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I want to run the webbrowser (xxxterm) with a different user (XY) on an OpenBSD Desktop (different user from the one I use daily). I will reach the Browser with ssh -X in the local machine (or are there any better solutions?). The webbrowser needs NO audio, NO flash, NO html5, NO JAVA, NO plugins, NO JAVASCRIPT, etc.

How can I create a user with the smallest possible permissions? Are there any tricks? (does the user only needs to be in his group, and not else?)

Googled a few hours for keywords/tricks that I need to "expand" (mini howto to it) later:

mount /home with nodev, nosuid, noexec AND/OR with read-only option?
set high umask for users that are not XY
minimal groups needed for user
regularly check that the user isn't in the sudoers file
no o+rwx on the files in the system or suids
**restricted shell for the user?**
systrace restrictions? (or doesn't worth it?*)
pf limitations - user uid only needs http https ftp dns - no other network needed for any user besides root
put the webbrowsing in a qemu vm??
security/limits.conf - ulimit for the user?
chroot the xxxterm?
xxxterm as shell? (instead of ksh?)
only let a few dozen MByte quota for the user or zero?
guest session like? - start with a clear QEMU guest or chrome directory at every chrome exit/start?
privoxy for filtering chrome traffic? (proxy can be set to anything by the XY user..)
can pf limit that what process can use http https ftp dns?

if this howto is completed it could be useful when having a zombie terminator apocalypse :D

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This is actually much harder than it sounds. –  Ignacio Vazquez-Abrams Jul 15 '13 at 9:33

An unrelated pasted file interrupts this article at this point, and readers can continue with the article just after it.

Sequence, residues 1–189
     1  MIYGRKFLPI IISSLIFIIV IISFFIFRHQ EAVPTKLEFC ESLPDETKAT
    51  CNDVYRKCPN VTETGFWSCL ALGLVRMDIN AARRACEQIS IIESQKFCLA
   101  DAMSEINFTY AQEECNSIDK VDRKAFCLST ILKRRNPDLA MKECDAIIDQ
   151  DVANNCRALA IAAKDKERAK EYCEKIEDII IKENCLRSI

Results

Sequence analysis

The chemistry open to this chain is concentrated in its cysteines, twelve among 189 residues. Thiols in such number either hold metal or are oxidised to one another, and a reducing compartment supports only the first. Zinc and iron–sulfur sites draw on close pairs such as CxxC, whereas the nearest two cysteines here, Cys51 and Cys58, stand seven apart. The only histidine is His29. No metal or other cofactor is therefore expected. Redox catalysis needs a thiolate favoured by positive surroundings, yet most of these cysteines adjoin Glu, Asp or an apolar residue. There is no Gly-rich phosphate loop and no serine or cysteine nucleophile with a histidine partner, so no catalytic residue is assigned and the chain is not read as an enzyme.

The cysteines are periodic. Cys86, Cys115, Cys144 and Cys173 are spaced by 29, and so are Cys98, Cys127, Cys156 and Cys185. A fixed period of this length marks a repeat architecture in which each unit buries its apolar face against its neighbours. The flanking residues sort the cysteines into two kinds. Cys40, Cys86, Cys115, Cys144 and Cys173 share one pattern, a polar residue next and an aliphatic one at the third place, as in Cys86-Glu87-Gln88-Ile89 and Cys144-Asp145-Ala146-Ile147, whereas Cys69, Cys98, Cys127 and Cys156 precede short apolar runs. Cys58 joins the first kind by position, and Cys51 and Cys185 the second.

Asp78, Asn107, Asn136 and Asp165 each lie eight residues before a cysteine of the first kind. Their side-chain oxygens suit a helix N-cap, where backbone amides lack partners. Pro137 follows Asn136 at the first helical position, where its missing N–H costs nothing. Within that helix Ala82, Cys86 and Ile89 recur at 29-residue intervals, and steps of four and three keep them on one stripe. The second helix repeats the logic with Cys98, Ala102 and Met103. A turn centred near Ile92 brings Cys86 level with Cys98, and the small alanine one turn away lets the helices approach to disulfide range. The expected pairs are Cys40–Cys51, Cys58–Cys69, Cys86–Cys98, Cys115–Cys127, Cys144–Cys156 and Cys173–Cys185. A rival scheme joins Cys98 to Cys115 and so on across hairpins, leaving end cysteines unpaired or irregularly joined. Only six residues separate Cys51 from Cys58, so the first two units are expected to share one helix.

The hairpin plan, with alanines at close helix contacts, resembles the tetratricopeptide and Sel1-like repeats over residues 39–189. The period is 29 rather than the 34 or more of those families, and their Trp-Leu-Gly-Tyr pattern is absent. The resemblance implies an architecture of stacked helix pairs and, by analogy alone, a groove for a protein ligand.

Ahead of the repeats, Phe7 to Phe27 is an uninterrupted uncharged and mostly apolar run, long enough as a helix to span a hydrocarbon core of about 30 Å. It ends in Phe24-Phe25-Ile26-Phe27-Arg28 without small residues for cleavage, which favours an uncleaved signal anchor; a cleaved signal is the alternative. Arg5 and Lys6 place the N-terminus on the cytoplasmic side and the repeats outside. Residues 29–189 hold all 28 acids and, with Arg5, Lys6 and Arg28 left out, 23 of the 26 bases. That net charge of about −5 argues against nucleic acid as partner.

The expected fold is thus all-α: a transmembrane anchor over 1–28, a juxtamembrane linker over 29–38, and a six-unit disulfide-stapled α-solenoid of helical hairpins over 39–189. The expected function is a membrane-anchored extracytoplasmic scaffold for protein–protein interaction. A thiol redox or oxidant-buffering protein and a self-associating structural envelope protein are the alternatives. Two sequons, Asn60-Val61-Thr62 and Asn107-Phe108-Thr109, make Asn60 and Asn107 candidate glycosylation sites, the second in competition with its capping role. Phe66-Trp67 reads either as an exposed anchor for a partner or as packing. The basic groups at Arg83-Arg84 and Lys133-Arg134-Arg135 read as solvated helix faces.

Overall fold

Bear in mind that Firefox is much older than Chromium, and Chromium vulnerabilities may be filed as Google Chrome. I don't think your metric is very scientific. –  Chris Down Jul 16 '13 at 14:53
yepp, that's why I wrote (...), Thanks –  gasko peter Jul 16 '13 at 14:54
updated with a new browser I found :) –  gasko peter Sep 20 '13 at 19:19
The title asks about creating a user account with minimal permissions, and the question asks about a feature-limited web browser. The two are very different. You would be much better off editing to indicate which one of these you really are after. –  Michael Kjörling Sep 20 '13 at 19:24
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1 Answer

If you want a completely isolated browser instance that cannot affect anything outside of its little sandbox, which it sounds like (despite the title of the question), I would suggest simply running a VM and connecting to it by some means other than X11 forwarding. SSH or not, encrypted or not, does not matter in this case because you aren't really looking to actually protect the data in transit, you are only looking to isolate one application from everything else. Run the browser in there and everything else outside of it. As far as the browser is concerned, it sees its OS installation in the VM and nothing outside of that sphere of influence.

VNC, Microsoft Remote Desktop or something like it should work. X11 forwarding is out because it exposes raw data streams in a way these alternatives (likely) don't, which would allow a malicious application running on either side to snoop on everything you are doing, negating any and all security gains. (This does not require root, only your own access, because you own the X session.) Of course, it'd be a pretty serious issue if any browser allows a web page to access that kind of data.

It doesn't protect against a malicious application running as you outside the VM snooping on what you are doing with the browser inside the VM, but it should prevent anything malicious inside the VM from snooping on anything running outside of the VM.

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